FPPC Joins Lawmaker in Urging 8-Bill Ethics Package

Times Staff Writer

The state's often criticized political watchdog agency, the Fair Political Practices Commission, joined forces Wednesday with a crusading freshman legislator to propose a comprehensive package of ethics legislation.

The eight-bill ethics package, the most sweeping to be introduced in the aftermath of the FBI's investigation of Capitol corruption, would, among other things, ban the pervasive practice of legislators accepting expensive gifts and honorariums from special interests.

FPPC Chairman John Larson told reporters that he believes the Legislature is finally "in the position to act" on political reform. He contended that lawmakers are not inherently unethical but are bedeviled by a system in which there is "a lot of temptation" to do wrong.

"It's hard for people to turn down things that are offered," Larson said.

Financial Disclosure

In addition to banning gifts and speech-making fees, the FPPC-backed bills would beef up financial disclosure requirements and lock the political "revolving door" that allows legislators and Administration officials to move between government and lobbying jobs. Top Administration officials and legislators could not lobby the Legislature for one year after leaving their offices.

The legislation also would close a loophole in the Political Reform Act of 1974 that prevents prosecution of elected state officeholders involved in conflicts of interest.

Two other bills included in the package but not yet endorsed by the FPPC would ban fund raising in non-election years and prohibit members of the State Board of Equalization from voting on tax cases involving campaign contributors.

Much of the FPPC's legislative agenda is being carried by Democratic Assemblyman Ted Lempert, 27, of San Mateo, who won his seat last November by running against the Sacramento "system"--even as his campaign was being partly underwritten by Assembly Democrats.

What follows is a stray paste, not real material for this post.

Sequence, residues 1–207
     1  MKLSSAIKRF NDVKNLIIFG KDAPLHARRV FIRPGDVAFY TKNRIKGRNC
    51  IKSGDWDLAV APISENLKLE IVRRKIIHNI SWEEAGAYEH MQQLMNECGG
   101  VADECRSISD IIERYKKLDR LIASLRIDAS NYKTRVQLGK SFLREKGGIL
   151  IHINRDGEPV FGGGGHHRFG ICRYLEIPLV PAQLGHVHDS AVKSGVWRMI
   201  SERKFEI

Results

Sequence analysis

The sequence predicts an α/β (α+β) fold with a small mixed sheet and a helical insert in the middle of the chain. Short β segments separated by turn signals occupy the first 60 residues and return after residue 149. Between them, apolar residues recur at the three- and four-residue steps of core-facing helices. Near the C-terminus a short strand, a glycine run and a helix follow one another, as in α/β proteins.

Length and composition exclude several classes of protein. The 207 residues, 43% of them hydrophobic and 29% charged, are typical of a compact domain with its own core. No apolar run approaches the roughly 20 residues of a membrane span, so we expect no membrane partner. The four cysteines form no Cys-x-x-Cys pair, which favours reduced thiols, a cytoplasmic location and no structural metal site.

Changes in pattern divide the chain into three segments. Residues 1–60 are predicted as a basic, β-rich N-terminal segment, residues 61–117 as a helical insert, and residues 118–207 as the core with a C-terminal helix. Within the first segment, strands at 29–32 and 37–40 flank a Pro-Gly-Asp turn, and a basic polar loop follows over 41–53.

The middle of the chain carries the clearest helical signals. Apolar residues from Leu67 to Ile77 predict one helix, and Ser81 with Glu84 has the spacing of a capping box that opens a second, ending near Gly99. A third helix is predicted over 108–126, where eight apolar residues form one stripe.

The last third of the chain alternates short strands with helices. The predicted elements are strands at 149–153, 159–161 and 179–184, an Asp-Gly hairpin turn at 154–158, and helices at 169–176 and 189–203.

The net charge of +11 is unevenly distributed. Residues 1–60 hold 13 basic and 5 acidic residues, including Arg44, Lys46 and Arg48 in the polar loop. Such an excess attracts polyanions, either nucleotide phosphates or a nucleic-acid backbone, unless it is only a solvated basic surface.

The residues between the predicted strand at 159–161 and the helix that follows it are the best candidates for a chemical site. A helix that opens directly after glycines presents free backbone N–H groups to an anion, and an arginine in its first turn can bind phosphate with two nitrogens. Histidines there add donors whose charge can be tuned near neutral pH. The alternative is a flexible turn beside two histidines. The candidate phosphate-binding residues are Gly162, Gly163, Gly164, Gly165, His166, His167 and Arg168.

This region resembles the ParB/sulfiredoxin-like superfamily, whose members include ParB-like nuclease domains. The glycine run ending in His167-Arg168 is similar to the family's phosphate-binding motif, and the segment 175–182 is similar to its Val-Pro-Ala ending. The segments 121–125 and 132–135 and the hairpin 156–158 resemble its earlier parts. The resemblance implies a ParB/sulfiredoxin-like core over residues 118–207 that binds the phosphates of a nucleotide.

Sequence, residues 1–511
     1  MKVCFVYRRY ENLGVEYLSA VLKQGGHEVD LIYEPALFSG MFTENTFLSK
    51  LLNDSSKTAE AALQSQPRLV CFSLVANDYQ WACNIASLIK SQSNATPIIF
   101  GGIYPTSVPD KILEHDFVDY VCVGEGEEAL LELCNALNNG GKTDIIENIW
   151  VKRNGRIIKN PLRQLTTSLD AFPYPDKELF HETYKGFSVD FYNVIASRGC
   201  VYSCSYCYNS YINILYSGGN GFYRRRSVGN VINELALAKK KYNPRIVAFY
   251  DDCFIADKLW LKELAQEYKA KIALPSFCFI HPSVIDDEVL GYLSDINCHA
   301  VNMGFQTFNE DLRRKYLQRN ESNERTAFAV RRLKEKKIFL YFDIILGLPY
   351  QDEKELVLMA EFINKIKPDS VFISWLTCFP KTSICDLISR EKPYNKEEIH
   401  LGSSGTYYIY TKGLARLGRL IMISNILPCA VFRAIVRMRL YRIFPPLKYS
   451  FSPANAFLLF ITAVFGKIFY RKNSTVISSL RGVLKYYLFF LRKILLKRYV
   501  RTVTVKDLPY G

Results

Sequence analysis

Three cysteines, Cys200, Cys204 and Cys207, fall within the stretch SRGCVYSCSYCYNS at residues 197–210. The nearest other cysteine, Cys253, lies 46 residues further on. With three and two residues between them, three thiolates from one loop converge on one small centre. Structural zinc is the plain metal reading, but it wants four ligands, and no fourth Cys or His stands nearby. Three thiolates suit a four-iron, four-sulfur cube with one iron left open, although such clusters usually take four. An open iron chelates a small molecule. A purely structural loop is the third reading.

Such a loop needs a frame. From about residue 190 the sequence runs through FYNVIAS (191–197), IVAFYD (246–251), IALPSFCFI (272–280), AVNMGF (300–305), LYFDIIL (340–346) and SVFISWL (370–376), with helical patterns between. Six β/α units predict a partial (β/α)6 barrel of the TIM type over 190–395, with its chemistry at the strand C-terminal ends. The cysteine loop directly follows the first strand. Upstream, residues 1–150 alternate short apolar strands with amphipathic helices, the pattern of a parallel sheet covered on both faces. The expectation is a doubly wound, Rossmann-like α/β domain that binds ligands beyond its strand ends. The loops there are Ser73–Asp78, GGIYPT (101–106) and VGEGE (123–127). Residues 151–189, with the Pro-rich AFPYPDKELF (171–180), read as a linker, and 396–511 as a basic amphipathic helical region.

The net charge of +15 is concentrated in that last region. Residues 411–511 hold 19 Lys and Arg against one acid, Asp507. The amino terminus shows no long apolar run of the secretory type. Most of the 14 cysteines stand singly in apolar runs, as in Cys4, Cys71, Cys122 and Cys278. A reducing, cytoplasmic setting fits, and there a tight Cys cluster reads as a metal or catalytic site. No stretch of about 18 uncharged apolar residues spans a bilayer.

The fact that Larson and the FPPC would leave the fate of its ethics package to a first-term lawmaker with little clout underscores the difficulties faced by political reformers in the Capitol and the sensitive nature of the ethics debate itself.

Assembly Democratic leaders, particularly Speaker Willie Brown, want to give Lempert, who was the first Democrat in this century to be elected from his largely Republican district south of San Francisco, a chance to make good on his campaign promises to help reform the political process.

But the leadership has given Lempert no assurances that any of his bills will pass. Moreover, Brown and other legislative leaders from both parties have taken liberal advantage of large speaking fees, free trips and gifts that would be banned by the legislative package.

According to FPPC figures, the 120 members of the Legislature received nearly $3.2 million worth of gifts and honorariums in a three-year period ending in 1977. Speaker Brown alone collected more than $161,000 in gifts and speaking fees during 1987, including expense-paid trips to Austria, Great Britain, Ireland and Japan.

"I've let (the leadership) know what my proposals are but they haven't given me a firm commitment one way or the other," Lempert sheepishly told reporters. "There has been a lot of talk, a lot of people saying this is the time to get something through. Hopefully we will be able to surprise some people."

The FPPC's decision to adopt a high profile on the ethics issue follows a period in which it increasingly has been accused of dealing timidly with legislators. It also represents somewhat of a turnaround for Larson, who took office in 1986 convinced that the watchdog commission should spend more time educating politicians and less time investigating their activities.

On Wednesday, Larson said he thinks the system has gotten out of control. "Most people who make $50,000 or $60,000 a year don't expect others to give them $1,000 gifts or $1,000 speaking fees," he told reporters. "It appears to the public that (special interests) are getting something for their money."

A number of lawmakers have introduced their own ethics bills in hopes of softening the perception of wrongdoing triggered by the FBI's raid last August on the Capitol offices of four legislators and two aides.

None of these bills will be set for a vote until the Assembly's Committee on Ethics makes its own recommendations, which is not expected until shortly before the Legislature adjourns this fall.

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